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Author Topic: SVS "'New England' Professor/Priests" and Alveus'/Iconodule's Allegations  (Read 1059 times) Average Rating: 0
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Fr. David
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« on: November 18, 2010, 04:28:44 PM »

Iconodule and Alveus Lacuna,

I'm currently in my second year at SVS and would like to ask some questions; if you're going to cast aspersions (HERE and HERE) on my current place of education, I think you should back them up with facts:

1) What is "the" patristic view on the atonement, anyway, according to you?

2) What specifically (cite works and page numbers, please) have you read in Florovsky, Schmemman and Meyendorff that contradicts "the fathers'" views on atonement that you claim to preserve? 

3) Specifically, regarding how a questioning of "the Western influences of scholasticism, pietism, and idealism on Russian theology...in the light of patristic writings" is some kind of a "re-imagining" of Orthodoxy (feel free to limit your response to the view(s) of atonement, for the sake of manageability w/in the context of a forum post):

3a) What is the former "purer" Orthodoxy that supposedly is being deformed by questioning scholasticism, et al via the Fathers' writings?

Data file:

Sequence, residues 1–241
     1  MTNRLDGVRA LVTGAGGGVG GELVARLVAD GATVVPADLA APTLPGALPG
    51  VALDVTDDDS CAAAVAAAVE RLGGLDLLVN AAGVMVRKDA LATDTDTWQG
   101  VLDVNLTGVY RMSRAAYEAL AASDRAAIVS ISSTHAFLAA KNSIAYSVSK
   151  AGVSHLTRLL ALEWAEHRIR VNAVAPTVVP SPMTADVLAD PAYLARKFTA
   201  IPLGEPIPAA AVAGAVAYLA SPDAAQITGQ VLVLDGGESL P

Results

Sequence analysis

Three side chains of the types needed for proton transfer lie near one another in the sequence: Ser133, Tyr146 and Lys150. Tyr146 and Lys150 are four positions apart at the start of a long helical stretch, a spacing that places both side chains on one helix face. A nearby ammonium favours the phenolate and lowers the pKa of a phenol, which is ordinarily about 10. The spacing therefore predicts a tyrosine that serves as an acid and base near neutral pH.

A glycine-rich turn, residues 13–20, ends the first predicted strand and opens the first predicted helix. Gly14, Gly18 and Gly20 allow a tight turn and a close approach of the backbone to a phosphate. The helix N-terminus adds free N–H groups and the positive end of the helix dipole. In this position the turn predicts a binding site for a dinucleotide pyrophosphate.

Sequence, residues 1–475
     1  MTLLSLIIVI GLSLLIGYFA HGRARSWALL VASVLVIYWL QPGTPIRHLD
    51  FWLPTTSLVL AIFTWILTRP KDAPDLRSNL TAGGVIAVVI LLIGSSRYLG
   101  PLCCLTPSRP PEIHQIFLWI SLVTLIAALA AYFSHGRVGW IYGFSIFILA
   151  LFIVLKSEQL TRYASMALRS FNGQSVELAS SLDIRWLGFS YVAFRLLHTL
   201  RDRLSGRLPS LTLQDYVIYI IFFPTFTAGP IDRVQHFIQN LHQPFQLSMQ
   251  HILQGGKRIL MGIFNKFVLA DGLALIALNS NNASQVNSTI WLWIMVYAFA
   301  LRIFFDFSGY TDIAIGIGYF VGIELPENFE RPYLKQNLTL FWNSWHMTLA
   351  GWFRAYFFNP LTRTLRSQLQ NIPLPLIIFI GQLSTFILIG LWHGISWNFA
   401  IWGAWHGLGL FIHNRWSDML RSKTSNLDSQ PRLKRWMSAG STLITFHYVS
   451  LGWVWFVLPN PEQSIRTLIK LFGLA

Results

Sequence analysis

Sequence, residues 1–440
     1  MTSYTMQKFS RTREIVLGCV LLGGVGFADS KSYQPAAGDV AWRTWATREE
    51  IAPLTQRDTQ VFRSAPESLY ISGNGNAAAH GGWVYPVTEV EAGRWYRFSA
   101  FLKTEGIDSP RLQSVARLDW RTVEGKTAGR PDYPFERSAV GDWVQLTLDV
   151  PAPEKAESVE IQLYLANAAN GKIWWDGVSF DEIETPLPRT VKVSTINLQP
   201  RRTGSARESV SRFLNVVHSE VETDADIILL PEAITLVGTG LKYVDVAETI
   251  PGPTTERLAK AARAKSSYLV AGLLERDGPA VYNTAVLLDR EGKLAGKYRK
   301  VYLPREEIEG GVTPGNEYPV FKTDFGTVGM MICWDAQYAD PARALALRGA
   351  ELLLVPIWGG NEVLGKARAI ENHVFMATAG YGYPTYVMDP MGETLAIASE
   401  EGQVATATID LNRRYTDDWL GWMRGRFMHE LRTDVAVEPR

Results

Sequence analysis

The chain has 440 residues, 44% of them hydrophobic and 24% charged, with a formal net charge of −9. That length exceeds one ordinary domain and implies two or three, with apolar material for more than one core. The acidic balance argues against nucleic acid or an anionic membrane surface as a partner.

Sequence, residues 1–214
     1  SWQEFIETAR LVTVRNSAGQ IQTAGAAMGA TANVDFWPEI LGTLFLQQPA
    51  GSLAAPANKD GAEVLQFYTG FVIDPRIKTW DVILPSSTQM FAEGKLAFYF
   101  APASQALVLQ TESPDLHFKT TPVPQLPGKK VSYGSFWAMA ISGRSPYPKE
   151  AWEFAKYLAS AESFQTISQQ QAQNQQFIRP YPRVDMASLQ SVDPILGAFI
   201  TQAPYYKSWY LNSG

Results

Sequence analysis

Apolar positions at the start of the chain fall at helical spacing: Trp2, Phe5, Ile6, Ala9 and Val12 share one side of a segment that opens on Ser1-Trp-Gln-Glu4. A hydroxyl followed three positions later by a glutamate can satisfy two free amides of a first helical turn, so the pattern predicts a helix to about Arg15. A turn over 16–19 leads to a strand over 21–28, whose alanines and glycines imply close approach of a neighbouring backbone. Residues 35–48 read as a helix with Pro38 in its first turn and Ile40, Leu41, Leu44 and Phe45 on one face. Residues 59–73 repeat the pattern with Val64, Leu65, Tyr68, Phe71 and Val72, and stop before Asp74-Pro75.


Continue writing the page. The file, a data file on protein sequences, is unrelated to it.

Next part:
3b) Would not a preference for patristic writings over non-Orthodox sources, methods, and influences be fidelity to "the Fathers and our liturgical deposit"?
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Rufus
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« Reply #1 on: November 18, 2010, 04:40:07 PM »

LOL Grin
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Alveus Lacuna
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« Reply #2 on: November 18, 2010, 04:40:35 PM »

That sounds like a lot of work for an offhand comment made in sarcastic jest. I think I'll pass, but give your professor-priests my regards.
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Dart
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« Reply #3 on: November 18, 2010, 04:42:31 PM »

That sounds like a lot of work for an offhand comment made in sarcastic jest. I think I'll pass, but give your professor-priests my regards.

Sounds like an apology. Well done.
« Last Edit: November 18, 2010, 04:43:07 PM by Dart » Logged
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« Reply #4 on: November 18, 2010, 04:57:16 PM »

That sounds like a lot of work for an offhand comment made in sarcastic jest. I think I'll pass, but give your professor-priests my regards.

Sounds like an apology. Well done.

Like a defense, or like I'm sorry for what I said?
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« Reply #5 on: November 18, 2010, 04:59:38 PM »

What is "the" patristic view on the atonement, anyway

I'll offer my own unsolicited, un-needed and probably un wanted reply and say their probably is no consensus view.  The only dogmatic view is what's in the creed, so the rest is interpretation and opinion.  I've read a lot of the modern apologist opinions that create the antithesis hypothesis of the "Eastern" and "Western" views of the atonement, only to actually look at the historical texts themselves (patristic quotes and statements from catechetical works) and find them littered with views described by the hypothesis as "Western".
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Carl Kraeff (Second Chance)
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« Reply #6 on: November 18, 2010, 06:22:00 PM »